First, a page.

Surviving melanoma

Author: Vanessa Ngan, Staff Writer; Copy Editor: Clare Morrison; Chief Editor: Dr Amanda Oakley, Dermatologist, Hamilton, New Zealand, October 2013. About Melanoma is sponsored by the New Zealand Dermatological Society Incorporated.

The next steps

You’ve been diagnosed with melanoma, you’ve had it surgically cut out, and you might have received some other treatment along the way. Your doctor has given you the “all clear” – so what more do you need to know?

Chances are, especially if your melanoma was caught in the early stages, you may never get another melanoma.

Recurrent melanoma

A melanoma coming back after it has been treated is called a recurrence. The chance or risk that melanoma will recur after treatment of the first melanoma is grouped into the following categories:

The risk of recurrence depends on what your first (primary) melanoma was like. The risk increases if your first melanoma was:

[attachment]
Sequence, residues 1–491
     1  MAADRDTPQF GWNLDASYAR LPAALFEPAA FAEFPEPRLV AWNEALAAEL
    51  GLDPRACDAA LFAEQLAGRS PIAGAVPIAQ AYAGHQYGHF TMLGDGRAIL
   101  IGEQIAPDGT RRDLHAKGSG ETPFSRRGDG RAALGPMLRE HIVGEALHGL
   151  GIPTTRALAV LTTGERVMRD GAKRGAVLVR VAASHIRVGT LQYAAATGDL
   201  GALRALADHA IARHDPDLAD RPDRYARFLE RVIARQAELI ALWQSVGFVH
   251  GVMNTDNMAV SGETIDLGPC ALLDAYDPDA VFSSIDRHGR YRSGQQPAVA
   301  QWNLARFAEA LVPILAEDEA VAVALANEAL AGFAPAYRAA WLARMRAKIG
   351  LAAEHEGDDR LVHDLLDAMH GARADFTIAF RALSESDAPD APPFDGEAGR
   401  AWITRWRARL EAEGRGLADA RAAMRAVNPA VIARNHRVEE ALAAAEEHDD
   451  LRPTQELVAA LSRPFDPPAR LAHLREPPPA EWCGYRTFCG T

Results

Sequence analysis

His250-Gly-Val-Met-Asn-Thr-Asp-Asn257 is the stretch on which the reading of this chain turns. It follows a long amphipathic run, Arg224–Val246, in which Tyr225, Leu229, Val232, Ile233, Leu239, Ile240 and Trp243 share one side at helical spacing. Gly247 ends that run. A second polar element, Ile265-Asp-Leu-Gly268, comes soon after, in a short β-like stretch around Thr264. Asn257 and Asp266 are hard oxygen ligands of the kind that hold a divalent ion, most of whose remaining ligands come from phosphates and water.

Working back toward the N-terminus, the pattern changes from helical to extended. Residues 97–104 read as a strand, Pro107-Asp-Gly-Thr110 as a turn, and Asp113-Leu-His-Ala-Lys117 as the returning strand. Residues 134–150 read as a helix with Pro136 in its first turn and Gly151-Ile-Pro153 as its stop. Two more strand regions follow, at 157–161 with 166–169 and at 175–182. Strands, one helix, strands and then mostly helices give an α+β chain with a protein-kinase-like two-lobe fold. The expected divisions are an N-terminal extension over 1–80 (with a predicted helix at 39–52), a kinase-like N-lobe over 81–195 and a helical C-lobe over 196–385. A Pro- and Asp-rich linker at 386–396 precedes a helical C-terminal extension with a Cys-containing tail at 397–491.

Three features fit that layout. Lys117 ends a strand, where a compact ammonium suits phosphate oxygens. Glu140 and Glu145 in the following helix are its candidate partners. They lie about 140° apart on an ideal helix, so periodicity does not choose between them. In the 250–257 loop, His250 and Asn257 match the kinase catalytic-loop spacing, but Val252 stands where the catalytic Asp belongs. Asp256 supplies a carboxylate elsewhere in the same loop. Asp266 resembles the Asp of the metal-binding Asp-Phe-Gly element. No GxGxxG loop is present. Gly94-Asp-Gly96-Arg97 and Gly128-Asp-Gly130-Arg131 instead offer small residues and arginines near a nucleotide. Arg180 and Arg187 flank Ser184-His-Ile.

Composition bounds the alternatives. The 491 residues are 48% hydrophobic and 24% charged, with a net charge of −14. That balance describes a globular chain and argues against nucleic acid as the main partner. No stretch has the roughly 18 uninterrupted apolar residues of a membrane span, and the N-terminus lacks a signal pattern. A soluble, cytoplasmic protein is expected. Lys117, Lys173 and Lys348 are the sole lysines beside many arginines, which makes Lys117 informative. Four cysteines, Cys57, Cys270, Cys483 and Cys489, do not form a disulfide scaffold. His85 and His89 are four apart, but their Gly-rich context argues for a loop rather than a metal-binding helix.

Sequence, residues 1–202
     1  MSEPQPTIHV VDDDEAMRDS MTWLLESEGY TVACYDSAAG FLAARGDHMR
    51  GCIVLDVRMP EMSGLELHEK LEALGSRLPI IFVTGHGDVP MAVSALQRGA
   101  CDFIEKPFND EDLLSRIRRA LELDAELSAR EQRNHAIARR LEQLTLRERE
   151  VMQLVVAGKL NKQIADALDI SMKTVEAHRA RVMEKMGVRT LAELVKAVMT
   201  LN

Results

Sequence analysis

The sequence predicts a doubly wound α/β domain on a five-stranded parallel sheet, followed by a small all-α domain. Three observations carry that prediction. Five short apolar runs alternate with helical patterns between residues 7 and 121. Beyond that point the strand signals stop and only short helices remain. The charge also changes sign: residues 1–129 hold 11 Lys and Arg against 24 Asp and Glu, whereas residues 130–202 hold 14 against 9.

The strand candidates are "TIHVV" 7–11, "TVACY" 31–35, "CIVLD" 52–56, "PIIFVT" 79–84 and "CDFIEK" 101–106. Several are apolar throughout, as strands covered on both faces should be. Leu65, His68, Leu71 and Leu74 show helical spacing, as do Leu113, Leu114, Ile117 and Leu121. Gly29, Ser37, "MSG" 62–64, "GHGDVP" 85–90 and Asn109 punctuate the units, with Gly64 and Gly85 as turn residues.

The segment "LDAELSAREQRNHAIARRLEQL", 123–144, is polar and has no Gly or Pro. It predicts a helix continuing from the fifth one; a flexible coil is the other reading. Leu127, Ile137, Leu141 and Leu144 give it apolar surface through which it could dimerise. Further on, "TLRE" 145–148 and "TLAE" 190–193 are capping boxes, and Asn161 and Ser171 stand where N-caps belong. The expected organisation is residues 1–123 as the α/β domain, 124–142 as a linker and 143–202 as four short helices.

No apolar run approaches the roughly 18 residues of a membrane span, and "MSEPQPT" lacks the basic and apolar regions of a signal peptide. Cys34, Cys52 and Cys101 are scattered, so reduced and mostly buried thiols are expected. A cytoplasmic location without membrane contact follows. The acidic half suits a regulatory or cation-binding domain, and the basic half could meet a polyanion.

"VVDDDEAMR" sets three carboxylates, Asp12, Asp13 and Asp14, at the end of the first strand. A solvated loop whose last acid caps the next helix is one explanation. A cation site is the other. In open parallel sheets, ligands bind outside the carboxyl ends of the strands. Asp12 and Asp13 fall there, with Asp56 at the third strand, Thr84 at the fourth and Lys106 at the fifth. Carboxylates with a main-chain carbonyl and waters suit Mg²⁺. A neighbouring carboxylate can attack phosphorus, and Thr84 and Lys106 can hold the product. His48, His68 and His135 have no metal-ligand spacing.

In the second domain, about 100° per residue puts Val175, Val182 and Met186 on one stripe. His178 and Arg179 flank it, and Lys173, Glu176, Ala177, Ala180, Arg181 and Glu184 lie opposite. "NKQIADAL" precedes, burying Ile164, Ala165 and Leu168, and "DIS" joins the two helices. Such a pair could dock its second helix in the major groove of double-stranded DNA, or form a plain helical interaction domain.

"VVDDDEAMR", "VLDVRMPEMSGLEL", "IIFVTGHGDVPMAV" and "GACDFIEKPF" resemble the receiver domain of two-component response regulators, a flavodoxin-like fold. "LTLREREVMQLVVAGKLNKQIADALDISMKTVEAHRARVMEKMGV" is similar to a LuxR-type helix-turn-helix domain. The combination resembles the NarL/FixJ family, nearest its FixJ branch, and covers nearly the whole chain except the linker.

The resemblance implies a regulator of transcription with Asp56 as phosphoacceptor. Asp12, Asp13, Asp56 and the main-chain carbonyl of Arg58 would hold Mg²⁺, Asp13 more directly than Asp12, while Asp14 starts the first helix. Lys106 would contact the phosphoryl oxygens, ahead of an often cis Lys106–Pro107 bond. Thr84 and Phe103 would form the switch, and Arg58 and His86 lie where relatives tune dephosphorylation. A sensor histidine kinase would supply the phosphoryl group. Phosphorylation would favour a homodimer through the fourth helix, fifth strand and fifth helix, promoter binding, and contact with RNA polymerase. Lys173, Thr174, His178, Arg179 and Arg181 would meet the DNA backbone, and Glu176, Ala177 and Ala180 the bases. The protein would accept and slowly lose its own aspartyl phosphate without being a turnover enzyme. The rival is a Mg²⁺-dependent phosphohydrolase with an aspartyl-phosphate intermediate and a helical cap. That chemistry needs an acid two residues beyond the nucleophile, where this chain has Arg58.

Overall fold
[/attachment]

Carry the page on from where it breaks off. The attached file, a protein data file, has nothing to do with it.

Another primary melanoma

Your chances of getting a second primary melanoma on your skin are now several times higher than someone who’s never had one. This is because of your genetic make-up, the amount of sun damage you've received, and the way your immune system has responded.

As well as melanoma, you are also at a higher risk of other types of skin cancer when compared to people that have never had melanoma.

What will happen at my follow-up appointments?

The main purpose of follow-up visits is to detect recurrences early and also to detect any new primary melanoma at the first possible opportunity.

After receiving treatment for your first melanoma, you will get a follow-up plan written specifically for your needs. Follow-up visits are generally based on what stage your first melanoma was:

Self skin-checks are a vital part of follow-ups and you should make sure you do them at least once a month.

Your follow-up visits may be with your family doctor or specialist, or may be shared between them. At these visits your doctor may:

If you develop any symptoms to suggest your melanoma may have come back, follow-up may also include blood tests and radiographic imaging, including x-ray, CT, MRI and/or PET scan.


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